GM invests in ethanol research firm General Motors Corp. announced Sunday that it has taken a stake in a biofuels research firm that aims to widely market $1-a-gallon ethanol as soon as 2011.
"We must radically ramp up the production of ethanol," said GM Chairman and CEO Rick Wagoner, who announced the deal at the North American International Auto Show. "This investment is about getting the technology on the road as fast as possible."
Wagoner didn't say how large an investment the automaker is making in the Warrenville, Ill-based start-up firm Coskata Inc.
Coskata plans to build a plant that can produce 100 million gallons a year of ethanol made by bacteria chewing away at biomass such as woodchips, trash, grasses and other organic materials.
"This is big," said David Cole, chairman of the Center for Automotive Research in Ann Arbor. "It's a game-changer." The bargain price of ethanol, compared with today's $3-a-gallon oil-based gasoline, could convince Americans to actively seek ethanol as an alternative to imported oil, GM officials said.
The automaker has committed to making half of its vehicles flex-fuel capable by 2012, which means they could run on gasoline or ethanol. Coskata, a privately held firm funded by venture capital, is using patented microorganisms developed at two Oklahoma universities to create cellulosic ethanol from biomass. The company also hopes to eventually take auto factory waste and parts of junked cars and turn them into ethanol. Coskata will complete production on a refining facility connected to an existing chemical plant that will produce 40,000 gallons of cellulosic ethanol this year. GM will use the fuel at its proving ground. The fuel will be produced at a multimillion-dollar facility to be built next to an existing facility, largely funded by GM.
For GM, which has helped get 300 E85 ethanol pumps open in the last 18 months in its push to get E85 to all corners of the United States, the deal represents its biggest push yet to promote an alternative to gasoline and help reduce U.S. dependence on foreign oil.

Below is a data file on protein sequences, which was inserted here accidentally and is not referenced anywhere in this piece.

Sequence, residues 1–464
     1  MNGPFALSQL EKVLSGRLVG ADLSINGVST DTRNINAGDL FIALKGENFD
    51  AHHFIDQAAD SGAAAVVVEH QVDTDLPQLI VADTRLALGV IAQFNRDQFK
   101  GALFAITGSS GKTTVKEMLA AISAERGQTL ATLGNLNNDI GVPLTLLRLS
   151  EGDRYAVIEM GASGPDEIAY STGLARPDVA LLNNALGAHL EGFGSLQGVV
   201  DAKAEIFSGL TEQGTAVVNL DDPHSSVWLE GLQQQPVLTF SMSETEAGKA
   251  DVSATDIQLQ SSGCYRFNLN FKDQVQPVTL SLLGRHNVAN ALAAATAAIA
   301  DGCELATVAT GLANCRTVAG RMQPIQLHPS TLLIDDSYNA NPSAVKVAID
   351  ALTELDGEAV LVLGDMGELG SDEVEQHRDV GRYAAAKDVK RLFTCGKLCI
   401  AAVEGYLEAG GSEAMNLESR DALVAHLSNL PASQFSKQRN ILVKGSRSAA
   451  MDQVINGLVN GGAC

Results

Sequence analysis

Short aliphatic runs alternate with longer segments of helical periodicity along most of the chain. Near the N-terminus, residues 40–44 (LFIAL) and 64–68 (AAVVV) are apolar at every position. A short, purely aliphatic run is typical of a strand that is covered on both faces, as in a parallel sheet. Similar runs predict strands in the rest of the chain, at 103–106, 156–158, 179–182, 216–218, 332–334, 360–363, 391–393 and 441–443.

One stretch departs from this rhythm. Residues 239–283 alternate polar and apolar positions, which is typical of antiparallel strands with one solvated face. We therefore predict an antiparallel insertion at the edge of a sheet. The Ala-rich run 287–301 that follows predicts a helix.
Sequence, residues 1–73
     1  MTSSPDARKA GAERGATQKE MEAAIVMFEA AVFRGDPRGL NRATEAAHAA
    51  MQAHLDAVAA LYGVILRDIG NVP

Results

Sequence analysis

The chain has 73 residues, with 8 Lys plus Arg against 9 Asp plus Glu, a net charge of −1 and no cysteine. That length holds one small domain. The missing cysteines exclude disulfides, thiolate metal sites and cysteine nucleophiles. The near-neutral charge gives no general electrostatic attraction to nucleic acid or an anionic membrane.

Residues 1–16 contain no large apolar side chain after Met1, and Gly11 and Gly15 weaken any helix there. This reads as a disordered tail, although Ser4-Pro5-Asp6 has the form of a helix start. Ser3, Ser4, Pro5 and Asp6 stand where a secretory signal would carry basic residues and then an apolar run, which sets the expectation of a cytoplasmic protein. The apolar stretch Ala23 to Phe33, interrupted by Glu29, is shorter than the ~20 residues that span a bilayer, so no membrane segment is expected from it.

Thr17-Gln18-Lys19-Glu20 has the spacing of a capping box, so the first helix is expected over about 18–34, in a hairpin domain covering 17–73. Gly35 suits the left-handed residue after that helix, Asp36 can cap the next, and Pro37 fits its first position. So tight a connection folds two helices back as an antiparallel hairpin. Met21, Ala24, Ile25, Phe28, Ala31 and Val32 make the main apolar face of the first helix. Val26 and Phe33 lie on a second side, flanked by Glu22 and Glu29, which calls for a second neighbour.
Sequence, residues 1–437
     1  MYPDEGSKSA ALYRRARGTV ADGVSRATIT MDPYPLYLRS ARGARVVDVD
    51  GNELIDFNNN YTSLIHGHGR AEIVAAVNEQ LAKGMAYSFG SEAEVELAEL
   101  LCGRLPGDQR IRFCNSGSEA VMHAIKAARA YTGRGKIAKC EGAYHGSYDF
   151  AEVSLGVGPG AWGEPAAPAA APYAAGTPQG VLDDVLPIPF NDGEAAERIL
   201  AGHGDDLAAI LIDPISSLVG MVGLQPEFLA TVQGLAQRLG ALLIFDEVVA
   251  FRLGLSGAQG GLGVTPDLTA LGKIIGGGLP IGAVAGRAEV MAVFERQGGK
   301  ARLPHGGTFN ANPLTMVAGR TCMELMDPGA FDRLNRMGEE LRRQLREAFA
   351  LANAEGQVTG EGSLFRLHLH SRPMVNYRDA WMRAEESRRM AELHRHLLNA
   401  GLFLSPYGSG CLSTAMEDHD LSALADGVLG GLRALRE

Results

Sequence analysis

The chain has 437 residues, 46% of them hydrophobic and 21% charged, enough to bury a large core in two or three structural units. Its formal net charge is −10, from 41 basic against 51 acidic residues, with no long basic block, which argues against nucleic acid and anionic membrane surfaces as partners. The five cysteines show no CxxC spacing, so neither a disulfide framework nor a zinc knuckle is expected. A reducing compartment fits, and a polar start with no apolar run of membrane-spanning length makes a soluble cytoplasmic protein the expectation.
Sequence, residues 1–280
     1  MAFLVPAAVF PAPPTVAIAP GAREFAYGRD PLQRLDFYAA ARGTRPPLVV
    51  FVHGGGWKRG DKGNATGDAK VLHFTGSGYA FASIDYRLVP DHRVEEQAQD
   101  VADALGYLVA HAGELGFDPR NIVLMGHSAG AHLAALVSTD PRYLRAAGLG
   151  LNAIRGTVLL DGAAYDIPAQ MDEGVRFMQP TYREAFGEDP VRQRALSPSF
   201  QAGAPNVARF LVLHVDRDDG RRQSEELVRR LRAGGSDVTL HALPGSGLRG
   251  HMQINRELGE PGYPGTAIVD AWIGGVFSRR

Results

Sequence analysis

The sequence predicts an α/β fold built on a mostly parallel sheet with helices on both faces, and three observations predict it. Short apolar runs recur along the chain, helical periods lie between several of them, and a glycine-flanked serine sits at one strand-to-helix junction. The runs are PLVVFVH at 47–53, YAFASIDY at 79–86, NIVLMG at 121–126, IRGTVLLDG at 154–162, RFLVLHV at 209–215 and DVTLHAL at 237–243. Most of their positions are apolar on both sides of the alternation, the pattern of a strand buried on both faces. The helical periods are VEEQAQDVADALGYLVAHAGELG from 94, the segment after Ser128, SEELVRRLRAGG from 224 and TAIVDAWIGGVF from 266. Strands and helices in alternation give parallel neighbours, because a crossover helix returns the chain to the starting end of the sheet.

"We need to increase our nation's woefully low number of E85 fueling stations," Wagoner said, noting they account for less than 1 percent of the nation's 170,000 fuel pumps. He said current tax incentives are not getting the job done. GM's director of environment and energy, Mary Beth Stanek, brushed off concerns that GM's announcement was overly optimistic or could go the way of other advanced technology efforts such as the EV1, GM's electric car program. "I really think we're at 95 percent certainty that this is a reality," Stanek said during an interview at Coskata's labs earlier this month. "This is not a high-risk strategy."
Not enough corn grown
The United States is using about 5 billion gallons of ethanol annually, nearly all made from corn. But there isn't enough corn grown to meet the congressionally mandated increases in the decade to come. The energy bill signed into law last month requires the United States to use 36 billion gallons of ethanol annually by 2022, including 21 billion gallons of cellulosic ethanol.
Corn-based ethanol uses a significant amount of water and cropland to cultivate and emits more greenhouse gases than cellulosic ethanol.
It also gets $0.51-a-gallon subsidy from Congress, which has imposed a $0.54 a gallon tariff on imported ethanol, keeping cheaper Brazilian ethanol made from sugar cane out of the United States.
One executive at Coskata joked that the company's labs -- complete with hoods and gloves to work with the organisms -- are reminiscent of the 1971 movie, "The Andromeda Strain." The difference is the sealed plastic hoods are for the protection of the bacteria, not the humans. The bacteria will die if exposed to oxygen.
Most cellulosic researchers fall into one of two camps. One uses enzymes to break down biomass into sugars, which can be made into ethanol through fermentation, similar to how beer or wine is produced. The other way is to use microorganisms to break down the sugar in a method called thermal-cracking or gasification that has been around since the early part of the century.
Coskata uses a thermal process to break down organic material and gasify it. The synthesis gas then goes into a scrubber to remove particulate matter and dust, before entering a bioreactor, where five strains of bacteria produce ethanol by breaking down the gas in a plastic tube with a membrane.
"I think their microbes work quite well," GM's Stanek said. "I don't mean to sound funny but the bugs have been worked out. These are gluttonous organisms. They just gorge and produce so much ethanol."
The Coskata process produces twice as much ethanol over traditional distillation, Bill Roe, the company's CEO and president, said in an interview earlier this month at the company's labs.
That process takes less than one gallon of water to produce a gallon of ethanol. If woodchips were the fuel source, Coskata would need about 3,000 to 4,000 tons daily to produce its target amount of ethanol. Roe said they expect to produce ethanol for between $0.75 and $1.25 per gallon.
He said materials for producing cellulosic ethanol are everywhere: from byproducts of gasoline refining to construction debris. "It's almost free," he said.
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